This study was performed with the approval of the institutional ethics committee for clinical research of Osaka University. Written informed consent was obtained from each subject, after they were provided a detailed explanation about the procedures of the study.
A total of 5 healthy volunteers (three males and two females) participated in the present study after they received a detailed explanation about the radiotracer drug, the purpose and contents of the study. The mean age of the 5 healthy volunteers was 34 years (range, 21 to 56), and the mean height and weight were 167 cm (range, 160 to 174 cm) and 61 kg (range, 48 to 66 kg), and the mean body mass index were 21.7 ± 1.8 (range, 18.8 to 24.5), respectively. None of the healthy volunteers had any prior history of any major medical illness.
Preparation of radiotracers
FBPA was prepared by a previously described method, with several modifications [7, 9, 19]. The F-1 synthesizer (Sumitomo Heavy Industries, Tokyo, Japan) was used. 18F-acetylhypofluorite in Ne was bubbled at a flow rate of 600 mL/min at room temperature into 5 mL of trifluoroacetic acid containing 30 mg of 4-borono-L-phenylalanine (Matrix SCIENTIFIC, COLUBIA, SC, USA). Trifluoroacetic acid was removed by passing N2 under reduced pressure at a flow rate of 200 mL/min. As in previous studies, the residue was also dissolved in 3 mL of water containing 0.1 % acetic acid, and the solution was applied to a high-performance liquid chromatography column, YMC-Pack ODS-A S-5 (20 × 150 mm; YMC, Kyoto, Japan), with water for injection containing 0.1 % acetic acid as the mobile phase, flow rate of 10 mL/min, ultraviolet detection at 280 nm, and a radioactivity detector. The FBPA fraction (retention time = 19 to 21 min) was collected by adding 25 % ascorbic acid injection and 10 % sodium chloride injection. The specific activity of FBPA was 49.7 ± 17.3 GBq/mmol as determined by HPLC. The radiochemical purity of FBPA was >98 %.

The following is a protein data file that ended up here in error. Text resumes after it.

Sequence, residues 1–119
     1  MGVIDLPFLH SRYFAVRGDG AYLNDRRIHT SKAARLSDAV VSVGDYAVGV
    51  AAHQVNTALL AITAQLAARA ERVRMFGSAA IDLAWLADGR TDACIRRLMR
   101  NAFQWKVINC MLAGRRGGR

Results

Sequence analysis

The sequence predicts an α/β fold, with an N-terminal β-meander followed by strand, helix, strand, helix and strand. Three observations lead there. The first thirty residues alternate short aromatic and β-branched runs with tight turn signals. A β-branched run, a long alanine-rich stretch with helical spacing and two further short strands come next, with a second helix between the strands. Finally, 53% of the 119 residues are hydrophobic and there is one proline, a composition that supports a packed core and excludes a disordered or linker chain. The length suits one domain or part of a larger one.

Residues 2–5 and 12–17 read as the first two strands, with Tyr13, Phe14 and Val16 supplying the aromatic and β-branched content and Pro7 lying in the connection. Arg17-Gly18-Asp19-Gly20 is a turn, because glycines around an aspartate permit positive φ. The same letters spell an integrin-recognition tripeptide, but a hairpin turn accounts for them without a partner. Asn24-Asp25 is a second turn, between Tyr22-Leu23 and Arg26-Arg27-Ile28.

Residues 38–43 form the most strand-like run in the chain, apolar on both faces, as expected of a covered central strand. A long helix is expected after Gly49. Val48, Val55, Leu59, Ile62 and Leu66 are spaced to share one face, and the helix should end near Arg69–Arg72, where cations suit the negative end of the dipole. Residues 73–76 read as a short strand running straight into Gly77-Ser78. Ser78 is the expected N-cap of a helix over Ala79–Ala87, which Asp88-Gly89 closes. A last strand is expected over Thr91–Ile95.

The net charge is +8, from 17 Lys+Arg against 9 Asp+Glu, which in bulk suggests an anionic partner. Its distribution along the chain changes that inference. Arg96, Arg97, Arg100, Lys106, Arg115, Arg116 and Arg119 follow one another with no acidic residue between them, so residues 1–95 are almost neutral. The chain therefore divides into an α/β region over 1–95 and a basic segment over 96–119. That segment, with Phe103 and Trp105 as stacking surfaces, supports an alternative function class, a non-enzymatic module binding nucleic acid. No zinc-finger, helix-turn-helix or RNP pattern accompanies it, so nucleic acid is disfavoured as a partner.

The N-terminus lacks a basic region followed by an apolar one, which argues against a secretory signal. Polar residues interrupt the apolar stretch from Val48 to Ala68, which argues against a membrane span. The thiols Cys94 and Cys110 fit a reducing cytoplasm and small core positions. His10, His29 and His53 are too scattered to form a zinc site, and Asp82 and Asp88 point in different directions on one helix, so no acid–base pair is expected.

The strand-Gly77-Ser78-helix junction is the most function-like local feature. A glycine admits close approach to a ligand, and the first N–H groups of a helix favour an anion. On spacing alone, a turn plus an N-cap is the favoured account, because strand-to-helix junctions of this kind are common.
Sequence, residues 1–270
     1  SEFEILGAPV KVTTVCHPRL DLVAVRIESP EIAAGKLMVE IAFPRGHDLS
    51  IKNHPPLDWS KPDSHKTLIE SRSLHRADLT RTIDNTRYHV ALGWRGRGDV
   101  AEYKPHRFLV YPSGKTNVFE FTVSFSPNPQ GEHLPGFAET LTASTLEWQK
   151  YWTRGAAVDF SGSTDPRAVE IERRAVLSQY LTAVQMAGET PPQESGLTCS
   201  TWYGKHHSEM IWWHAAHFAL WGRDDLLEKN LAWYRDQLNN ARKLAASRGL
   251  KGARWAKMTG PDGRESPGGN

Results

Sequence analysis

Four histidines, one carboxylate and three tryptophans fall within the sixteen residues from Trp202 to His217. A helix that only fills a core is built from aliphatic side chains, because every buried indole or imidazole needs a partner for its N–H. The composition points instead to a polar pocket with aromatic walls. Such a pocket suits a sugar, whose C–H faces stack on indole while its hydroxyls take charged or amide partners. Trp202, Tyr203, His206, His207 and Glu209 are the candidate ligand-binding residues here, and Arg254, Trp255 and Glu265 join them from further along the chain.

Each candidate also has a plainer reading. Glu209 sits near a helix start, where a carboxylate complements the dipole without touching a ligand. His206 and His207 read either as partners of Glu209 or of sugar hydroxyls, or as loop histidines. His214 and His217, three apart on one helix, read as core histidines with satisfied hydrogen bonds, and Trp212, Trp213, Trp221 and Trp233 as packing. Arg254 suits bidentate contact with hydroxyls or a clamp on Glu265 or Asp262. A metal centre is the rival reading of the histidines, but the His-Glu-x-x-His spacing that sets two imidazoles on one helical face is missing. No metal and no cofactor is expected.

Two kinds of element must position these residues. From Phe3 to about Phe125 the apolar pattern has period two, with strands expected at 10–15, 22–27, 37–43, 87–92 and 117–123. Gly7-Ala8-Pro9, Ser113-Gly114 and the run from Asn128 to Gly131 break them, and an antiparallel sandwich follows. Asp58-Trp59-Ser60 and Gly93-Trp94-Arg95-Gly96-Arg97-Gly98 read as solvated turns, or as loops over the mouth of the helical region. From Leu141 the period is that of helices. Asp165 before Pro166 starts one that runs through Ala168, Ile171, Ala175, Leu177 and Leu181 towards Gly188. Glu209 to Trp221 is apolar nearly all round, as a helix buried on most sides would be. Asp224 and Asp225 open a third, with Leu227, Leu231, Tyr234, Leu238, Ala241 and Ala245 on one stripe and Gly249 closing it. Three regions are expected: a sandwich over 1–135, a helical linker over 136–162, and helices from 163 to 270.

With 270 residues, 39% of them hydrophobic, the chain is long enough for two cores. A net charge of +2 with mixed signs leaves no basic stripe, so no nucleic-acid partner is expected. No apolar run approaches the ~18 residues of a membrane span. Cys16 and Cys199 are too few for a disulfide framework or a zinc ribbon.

PET image acquisition
All the healthy volunteers were instructed to fast for at least 4 h before the radiotracer injection [20, 21]. Before injecting each radiotracer, the volunteers were asked to void their bladders. Whole-body PET scans were performed using Eminence SOPHIA SET-3000 BCT/X (Shimadzu Co, Kyoto, Japan) in the three-dimensional acquisition mode. Transmission data using a rotating 137Cs point source for attenuation correction were acquired. The amount of injected activity was measured in a dose calibrator (196 ± 16 MBq). Whole-body emission scans were initiated simultaneously with injection of the radiotracer into the antecubital vein at the rate of 5.2 mL/min. Seven repeated whole-body PET scans from the parietal crown to the groin were performed in each of the five healthy volunteers. The data consisted of seven scans with an acquisition time of 455 sec, and an interval between scans of 45 sec. Radioactivity decay during the PET scan was corrected for the FBPA injection time. All the images were reconstructed using Dynamic Row-Action Maximum Likelihood Algorithm (DRAMA) with an image matrix of 128 × 128, resulting in a voxel size of 4.0 × 4.0 × 3.25 mm3 . The axial field of view was 26 cm. After the PET scanning, whole-body CT (80 kV, 135 mAs) was performed for image fusion.
Time-activity curves (TACs) of blood sampling radioactivity